„If I were not Alexander, I should wish to be Diogenes.“

—  Alexander the Great

After Diogenes of Sinope who was lying in the sun, responded to a query by Alexander asking if he could do anything for him with a reply requesting that he stop blocking his sunlight. As quoted in "On the Fortune of Alexander" by Plutarch, 332 a-b

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„What an excellent horse do they lose, for want of address and boldness to manage him! … I could manage this horse better than others do.“

—  Alexander the Great

Statement upon seeing Bucephalas being led away as useless and beyond training, as quoted in Lives by Plutarch, as translated by Arthur Hugh Clough

„For my part, I assure you, I had rather excel others in the knowledge of what is excellent, than in the extent of my power and dominion.“

—  Alexander the Great

Quoted by Plutarch in Life of Alexander http://books.google.com/books?id=vWIOAAAAYAAJ&q=%22for+my+part+I+assure+you+I+had+rather+excel+others+in+the+knowledge+of+what+is+excellent+than+in+the+extent+of+my+power+and+dominion%22&pg=PA167#v=onepage from Plutarch's Lives as translated by John Dryden (1683)

„Shall I pass by and leave you lying there because of the expedition you led against Greece, or shall I set you up again because of your magnanimity and your virtues in other respects?“

—  Alexander the Great

Pausing and addressing to a fallen statue of Xerxes the Great
Plutarch. The age of Alexander: nine Greek lives. Penguin, 1977. p. 294 http://books.google.com/books?ei=0bC3T9ejHcPQsgarjcHWBw&id=eFAJAQAAIAAJ&q=%22set+you+up+again+because+of+your+magnanimity+and+your+virtues+in+other+respects%22#search_anchor

„Know ye not that the end and object of conquest is to avoid doing the same thing as the conquered?“

—  Alexander the Great

As quoted in Lives by Plutarch, VII, "Demosthenes and Cicero. Alexander and Caesar" (40.2), as translated by Bernadotte Perrin

„I consider not what Parmenion should receive, but what Alexander should give.“

—  Alexander the Great

On his gifts for the services of others, as quoted in Dictionary of Phrase and Fable: Giving the Derivation, Source, or Origin of Common Phrases, Allusions, and Words That Have A Tale To Tell (1905) by Ebenezer Cobham Brewer, p. 30
quoted in Alexander : A History of the Origin and Growth of the Art of War from Earliest Times to the Battle Of Ipsus, B. C. 301 (1899) by Theodore Ayrault Dodge
Variante: It is not what Parmenio should receive, but what Alexander should give.

„Sex and sleep alone make me conscious that I am mortal.“

—  Alexander the Great

As quoted in Alexander the Great (1973) by Robin Lane Fox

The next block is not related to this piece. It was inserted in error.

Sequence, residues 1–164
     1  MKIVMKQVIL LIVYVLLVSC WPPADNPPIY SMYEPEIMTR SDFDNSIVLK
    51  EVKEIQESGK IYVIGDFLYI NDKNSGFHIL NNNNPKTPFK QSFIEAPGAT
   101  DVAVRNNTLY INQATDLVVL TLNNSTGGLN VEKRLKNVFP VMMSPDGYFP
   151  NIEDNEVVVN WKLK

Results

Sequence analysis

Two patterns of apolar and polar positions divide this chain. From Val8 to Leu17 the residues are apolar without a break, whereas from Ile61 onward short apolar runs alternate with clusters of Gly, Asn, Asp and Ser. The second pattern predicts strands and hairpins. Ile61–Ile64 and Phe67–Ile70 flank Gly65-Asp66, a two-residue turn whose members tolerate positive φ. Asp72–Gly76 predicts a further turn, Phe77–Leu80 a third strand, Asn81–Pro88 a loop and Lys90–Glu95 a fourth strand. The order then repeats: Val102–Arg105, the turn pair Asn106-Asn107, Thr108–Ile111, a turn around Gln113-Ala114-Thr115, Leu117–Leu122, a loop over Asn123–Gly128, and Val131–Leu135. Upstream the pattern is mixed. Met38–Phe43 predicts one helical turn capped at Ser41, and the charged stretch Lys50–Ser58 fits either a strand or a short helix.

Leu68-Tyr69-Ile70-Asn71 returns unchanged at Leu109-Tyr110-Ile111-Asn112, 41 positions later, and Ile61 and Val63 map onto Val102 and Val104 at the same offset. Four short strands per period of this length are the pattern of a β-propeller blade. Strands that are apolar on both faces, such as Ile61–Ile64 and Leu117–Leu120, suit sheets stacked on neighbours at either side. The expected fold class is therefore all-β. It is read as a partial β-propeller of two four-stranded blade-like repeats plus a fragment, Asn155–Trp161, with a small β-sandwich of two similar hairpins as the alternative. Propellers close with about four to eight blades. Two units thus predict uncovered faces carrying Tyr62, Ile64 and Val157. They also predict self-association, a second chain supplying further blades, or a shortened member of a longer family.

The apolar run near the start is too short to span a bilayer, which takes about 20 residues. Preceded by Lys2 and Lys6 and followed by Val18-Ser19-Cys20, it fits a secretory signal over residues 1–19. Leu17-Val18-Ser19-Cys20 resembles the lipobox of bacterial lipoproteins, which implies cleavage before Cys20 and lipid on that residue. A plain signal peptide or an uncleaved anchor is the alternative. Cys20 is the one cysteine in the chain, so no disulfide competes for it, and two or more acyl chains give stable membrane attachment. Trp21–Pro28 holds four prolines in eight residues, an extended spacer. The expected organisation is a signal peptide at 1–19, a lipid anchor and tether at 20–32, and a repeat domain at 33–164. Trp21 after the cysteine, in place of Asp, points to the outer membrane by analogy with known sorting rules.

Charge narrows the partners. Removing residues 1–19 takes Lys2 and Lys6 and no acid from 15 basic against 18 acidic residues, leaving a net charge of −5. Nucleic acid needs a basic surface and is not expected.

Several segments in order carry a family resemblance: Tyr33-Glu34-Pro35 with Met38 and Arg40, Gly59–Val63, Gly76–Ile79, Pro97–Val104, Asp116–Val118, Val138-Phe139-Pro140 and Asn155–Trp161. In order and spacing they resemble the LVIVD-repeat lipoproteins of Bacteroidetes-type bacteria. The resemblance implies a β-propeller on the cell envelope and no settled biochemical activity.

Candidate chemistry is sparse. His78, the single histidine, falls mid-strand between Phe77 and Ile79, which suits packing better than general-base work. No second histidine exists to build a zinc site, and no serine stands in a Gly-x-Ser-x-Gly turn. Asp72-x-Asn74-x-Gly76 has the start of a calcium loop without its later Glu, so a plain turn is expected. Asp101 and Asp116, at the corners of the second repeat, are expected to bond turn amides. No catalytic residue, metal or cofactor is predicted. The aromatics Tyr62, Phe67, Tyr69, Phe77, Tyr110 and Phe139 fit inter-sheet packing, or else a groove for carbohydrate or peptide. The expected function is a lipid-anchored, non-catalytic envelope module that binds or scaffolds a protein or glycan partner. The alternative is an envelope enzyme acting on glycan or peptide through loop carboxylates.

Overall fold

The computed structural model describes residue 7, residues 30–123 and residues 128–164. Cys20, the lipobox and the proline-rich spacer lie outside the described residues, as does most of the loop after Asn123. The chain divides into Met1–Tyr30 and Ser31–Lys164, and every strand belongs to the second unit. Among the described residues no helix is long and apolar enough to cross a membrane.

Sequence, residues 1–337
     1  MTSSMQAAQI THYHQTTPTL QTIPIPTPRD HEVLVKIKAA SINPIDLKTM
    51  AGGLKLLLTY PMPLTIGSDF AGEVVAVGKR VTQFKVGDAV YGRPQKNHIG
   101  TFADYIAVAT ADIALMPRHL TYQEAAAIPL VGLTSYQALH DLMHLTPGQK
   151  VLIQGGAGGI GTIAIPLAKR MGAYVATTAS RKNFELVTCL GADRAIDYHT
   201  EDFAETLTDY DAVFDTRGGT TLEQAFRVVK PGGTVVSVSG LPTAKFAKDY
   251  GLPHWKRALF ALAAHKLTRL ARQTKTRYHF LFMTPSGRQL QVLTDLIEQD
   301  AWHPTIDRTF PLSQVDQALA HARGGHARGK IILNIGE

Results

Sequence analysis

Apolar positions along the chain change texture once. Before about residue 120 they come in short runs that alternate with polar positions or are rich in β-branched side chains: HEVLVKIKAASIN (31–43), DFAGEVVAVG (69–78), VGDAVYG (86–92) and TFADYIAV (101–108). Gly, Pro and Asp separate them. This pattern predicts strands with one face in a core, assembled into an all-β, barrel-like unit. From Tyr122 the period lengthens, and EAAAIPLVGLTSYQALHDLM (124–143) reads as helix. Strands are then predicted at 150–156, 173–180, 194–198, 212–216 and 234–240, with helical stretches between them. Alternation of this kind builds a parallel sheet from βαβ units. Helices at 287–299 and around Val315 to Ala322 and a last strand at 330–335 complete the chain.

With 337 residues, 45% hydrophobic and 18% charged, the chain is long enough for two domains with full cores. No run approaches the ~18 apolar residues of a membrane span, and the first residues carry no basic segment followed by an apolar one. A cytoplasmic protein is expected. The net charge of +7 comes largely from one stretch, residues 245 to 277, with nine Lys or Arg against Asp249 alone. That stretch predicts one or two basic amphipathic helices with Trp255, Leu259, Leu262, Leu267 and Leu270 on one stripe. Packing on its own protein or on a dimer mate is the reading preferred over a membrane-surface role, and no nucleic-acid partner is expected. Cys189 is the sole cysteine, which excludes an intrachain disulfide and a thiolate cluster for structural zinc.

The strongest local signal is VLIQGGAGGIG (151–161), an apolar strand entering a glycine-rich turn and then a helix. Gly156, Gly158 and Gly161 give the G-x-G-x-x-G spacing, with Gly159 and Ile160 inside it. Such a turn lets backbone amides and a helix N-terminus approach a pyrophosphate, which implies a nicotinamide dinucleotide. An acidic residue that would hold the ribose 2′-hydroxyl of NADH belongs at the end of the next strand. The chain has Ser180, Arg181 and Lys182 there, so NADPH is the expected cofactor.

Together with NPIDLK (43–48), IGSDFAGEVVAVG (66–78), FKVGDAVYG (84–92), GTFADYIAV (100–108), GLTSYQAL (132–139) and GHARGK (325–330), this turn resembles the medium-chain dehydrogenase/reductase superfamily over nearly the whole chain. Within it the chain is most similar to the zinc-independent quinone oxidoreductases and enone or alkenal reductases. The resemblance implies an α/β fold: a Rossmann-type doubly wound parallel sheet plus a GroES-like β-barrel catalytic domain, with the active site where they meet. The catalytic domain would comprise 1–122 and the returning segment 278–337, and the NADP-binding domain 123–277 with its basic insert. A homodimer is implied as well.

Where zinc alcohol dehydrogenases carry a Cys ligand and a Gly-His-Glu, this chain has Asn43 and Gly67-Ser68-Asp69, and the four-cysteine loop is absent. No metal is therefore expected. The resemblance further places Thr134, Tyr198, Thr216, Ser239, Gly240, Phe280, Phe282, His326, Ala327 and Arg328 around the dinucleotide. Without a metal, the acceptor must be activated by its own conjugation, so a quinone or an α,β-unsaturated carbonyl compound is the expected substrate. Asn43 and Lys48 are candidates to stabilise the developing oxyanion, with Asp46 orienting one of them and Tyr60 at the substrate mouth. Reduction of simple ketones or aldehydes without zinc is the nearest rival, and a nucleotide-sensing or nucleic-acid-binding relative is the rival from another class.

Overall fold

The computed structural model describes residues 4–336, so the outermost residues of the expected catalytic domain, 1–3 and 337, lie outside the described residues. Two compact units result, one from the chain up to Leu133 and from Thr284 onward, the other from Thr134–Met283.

Unsourced variant : Only sex and sleep make me conscious that I am mortal.

„Your ancestors came to Macedonia and the rest of Hellas [Greece] and did us great harm, though we had done them no prior injury. I have been appointed leader of the Greeks, and wanting to punish the Persians I have come to Asia, which I took from you.“

—  Alexander the Great

Alexander's letter to Persian king Darius III of Persia in response to a truce plea, as quoted in Anabasis Alexandri by Arrian; translated as Anabasis of Alexander by P. A. Brunt, for the "Loeb Edition" Book II 14, 4

„There are no more worlds to conquer!“

—  Alexander the Great

Statement portrayed as a quotation in a 1927 Reader's Digest article, this probably derives from traditions about Alexander lamenting at his father Philip's victories that there would be no conquests left for him, or that after his conquests in Egypt and Asia there were no worlds left to conquer.
Some of the oldest accounts of this, as quoted by John Calvin state that on "hearing that there were other worlds, wept that he had not yet conquered one."
This may originate from Plutarch's essay On the Tranquility of Mind, part of the essays Moralia: Alexander wept when he heard Anaxarchus discourse about an infinite number of worlds, and when his friends inquired what ailed him, "Is it not worthy of tears," he said, "that, when the number of worlds is infinite, we have not yet become lords of a single one?"
There are no more other worlds to conquer!
Variant attributed as his "last words" at a few sites on the internet, but in no published sources.
Disputed
Quelle: http://penelope.uchicago.edu/Thayer/E/Roman/Texts/Plutarch/Moralia/De_tranquillitate_animi*.html

„Lorem ipsum dolor sit amet, consectetuer adipiscing elit. Etiam egestas wisi a erat. Morbi imperdiet, mauris ac auctor dictum.“